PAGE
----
Metascore
74

Generally favorable reviews - based on 18 Critics

Critic score distribution:
  1. Positive: 17 out of 18
  2. Negative: 0 out of 18
  1. 91
    Powerfully explores the struggles faced by those whom DNA testing has exonerated after years behind bars.
  2. Reviewed by: Jennifer Gonnerman
    90
    Both riveting and disturbing.
  3. Reviewed by: Jeremy Mathews
    80
    Jessica Sanders has observed a collection of lives dramatically altered by a flawed legal system.
  4. One of the powerful things about After Innocence is that, no matter what your position on punitive justice, you can't argue with the film's position.
  5. What emerges from these stories is a picture of the fallibility of the system and the vulnerability of innocent citizens, whom even scientific evidence cannot protect from incompetence, ego and prejudice, and of the courage of the exonerated victims to make meaning of their tragedies.
  6. Calm, deliberate and devastating, Jessica Sanders's documentary After Innocence confirms many of the worst fears about weaknesses in the American criminal-justice system.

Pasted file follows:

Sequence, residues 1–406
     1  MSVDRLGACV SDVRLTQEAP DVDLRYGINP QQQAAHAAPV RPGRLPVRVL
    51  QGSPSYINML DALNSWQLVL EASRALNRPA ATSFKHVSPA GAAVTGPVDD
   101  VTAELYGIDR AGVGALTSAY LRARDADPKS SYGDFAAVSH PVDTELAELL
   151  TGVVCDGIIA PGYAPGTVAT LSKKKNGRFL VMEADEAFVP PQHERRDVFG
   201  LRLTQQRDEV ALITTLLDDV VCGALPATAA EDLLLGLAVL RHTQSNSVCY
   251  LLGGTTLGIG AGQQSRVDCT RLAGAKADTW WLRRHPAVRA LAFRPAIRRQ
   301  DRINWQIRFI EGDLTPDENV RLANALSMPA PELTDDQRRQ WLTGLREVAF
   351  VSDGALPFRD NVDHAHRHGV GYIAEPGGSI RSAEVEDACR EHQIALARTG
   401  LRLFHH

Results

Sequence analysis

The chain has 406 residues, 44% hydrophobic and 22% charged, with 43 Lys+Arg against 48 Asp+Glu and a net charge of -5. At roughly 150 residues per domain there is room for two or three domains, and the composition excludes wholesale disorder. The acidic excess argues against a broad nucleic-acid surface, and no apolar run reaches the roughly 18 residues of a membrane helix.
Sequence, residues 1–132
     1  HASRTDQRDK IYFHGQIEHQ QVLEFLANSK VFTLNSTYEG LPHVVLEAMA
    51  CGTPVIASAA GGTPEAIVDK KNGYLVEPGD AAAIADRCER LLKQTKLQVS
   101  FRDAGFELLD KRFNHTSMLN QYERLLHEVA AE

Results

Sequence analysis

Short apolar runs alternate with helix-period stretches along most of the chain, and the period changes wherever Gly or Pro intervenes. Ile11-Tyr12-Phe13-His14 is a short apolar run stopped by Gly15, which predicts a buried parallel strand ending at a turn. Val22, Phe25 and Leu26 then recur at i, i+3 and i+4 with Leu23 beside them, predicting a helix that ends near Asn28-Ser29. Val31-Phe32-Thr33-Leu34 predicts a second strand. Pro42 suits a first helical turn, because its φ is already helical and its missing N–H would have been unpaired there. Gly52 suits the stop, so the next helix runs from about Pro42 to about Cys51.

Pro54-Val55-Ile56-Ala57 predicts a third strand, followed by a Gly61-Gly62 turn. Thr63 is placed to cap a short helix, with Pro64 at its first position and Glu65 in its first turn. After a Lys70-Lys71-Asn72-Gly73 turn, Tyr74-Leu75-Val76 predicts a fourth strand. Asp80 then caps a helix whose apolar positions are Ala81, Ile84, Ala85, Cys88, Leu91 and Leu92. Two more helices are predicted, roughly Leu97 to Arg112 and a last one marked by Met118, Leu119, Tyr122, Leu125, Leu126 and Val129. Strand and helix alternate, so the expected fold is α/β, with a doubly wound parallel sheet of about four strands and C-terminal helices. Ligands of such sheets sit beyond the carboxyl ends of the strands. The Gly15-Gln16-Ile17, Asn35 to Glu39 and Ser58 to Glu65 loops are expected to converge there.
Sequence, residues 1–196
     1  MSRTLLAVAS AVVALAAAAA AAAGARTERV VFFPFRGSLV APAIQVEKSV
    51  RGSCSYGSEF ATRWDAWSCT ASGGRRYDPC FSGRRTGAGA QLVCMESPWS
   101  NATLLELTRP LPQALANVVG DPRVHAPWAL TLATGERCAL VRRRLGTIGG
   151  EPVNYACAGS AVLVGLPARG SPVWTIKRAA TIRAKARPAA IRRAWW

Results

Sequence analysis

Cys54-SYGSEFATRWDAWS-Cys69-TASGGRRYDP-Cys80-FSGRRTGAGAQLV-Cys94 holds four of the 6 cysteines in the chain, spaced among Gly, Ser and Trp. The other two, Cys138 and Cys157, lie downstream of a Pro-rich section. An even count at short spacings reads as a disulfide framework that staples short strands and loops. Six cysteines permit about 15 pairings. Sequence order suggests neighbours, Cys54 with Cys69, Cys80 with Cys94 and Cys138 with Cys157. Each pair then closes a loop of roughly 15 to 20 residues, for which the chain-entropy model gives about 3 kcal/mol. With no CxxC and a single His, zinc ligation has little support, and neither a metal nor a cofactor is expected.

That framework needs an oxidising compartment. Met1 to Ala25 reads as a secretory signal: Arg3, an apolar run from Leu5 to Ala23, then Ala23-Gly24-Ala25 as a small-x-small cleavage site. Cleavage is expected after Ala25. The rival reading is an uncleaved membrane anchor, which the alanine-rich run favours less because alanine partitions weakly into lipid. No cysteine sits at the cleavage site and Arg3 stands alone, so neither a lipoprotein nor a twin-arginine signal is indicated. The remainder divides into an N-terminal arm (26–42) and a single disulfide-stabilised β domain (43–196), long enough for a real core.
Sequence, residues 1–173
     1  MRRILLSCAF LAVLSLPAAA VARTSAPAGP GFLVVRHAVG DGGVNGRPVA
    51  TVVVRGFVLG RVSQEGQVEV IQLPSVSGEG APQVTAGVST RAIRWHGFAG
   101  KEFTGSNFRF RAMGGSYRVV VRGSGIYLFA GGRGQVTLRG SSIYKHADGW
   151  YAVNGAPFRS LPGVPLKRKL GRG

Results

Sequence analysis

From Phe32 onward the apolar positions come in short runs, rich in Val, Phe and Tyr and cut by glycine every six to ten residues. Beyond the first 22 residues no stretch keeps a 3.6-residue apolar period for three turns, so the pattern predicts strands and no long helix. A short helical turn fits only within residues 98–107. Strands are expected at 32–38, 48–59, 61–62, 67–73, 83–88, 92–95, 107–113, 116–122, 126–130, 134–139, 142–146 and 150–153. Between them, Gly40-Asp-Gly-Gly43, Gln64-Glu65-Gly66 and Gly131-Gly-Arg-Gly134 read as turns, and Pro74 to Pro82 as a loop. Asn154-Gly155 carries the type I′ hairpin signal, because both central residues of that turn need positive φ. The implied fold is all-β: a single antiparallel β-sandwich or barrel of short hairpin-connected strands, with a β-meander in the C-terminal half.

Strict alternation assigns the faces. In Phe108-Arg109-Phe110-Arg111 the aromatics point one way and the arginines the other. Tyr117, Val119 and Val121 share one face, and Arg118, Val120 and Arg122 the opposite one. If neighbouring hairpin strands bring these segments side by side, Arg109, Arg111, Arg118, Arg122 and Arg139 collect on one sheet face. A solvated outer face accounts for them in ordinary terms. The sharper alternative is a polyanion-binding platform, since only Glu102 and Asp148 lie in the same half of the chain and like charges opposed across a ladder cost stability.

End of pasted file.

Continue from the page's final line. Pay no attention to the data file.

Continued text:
7. Reviewed by: Scott Foundas
    80
    A powerfully affecting documentary.
  8. The moral purity of After Innocence is so overwhelming that it simply leaves you with nothing to say or do. It's kind of beyond criticism.
  9. There's also a little something smarmy about the interactions between the lawyers and their clients, all of whom are poor.
  10. In her clear and compelling film, Sanders lets the innocents do the talking.
  11. Reviewed by: Ty Burr
    75
    After Innocence isn't bravura filmmaking, and it doesn't have to be -- this is one of those documentaries where the subject is compelling enough to do the legwork.
  12. The embittered men make fascinating subjects.
  13. Puts a human face on the failings of the American judicial system and the growing importance of DNA in legal proceedings.
  14. 70
    Rousing, quietly outraged documentary.
  15. Though Jessica Sanders' rambling documentary about the damaged lives of wrongfully imprisoned men would have made a better subject for an hour-long "Dateline" special, it's still a powerful indictment of a judicial system too anxious to close cases, and then close ranks when someone tries to reopen them.
  16. Reviewed by: Kyle Smith
    63
    Exploring the lives of several wrongly convicted men exonerated by DNA evidence, the documentary After Innocence makes a reasonable case that compensation is due them.
  17. 60
    Taylor does her cause no real favors by trotting out only the most articulate, most clearly railroaded exonerees. It should be just as chilling to learn that even the shady get screwed.
User Score
7.3

Generally favorable reviews- based on 6 Ratings

User score distribution:
  1. Positive: 1 out of 1
  2. Mixed: 0 out of 1
  3. Negative: 0 out of 1
  1. RalphusJ.
    Jan 17, 2006
    9
    Bothered by Barry Scheck's role (he helped get O.J. off), but otherwise this is a nice piece of work.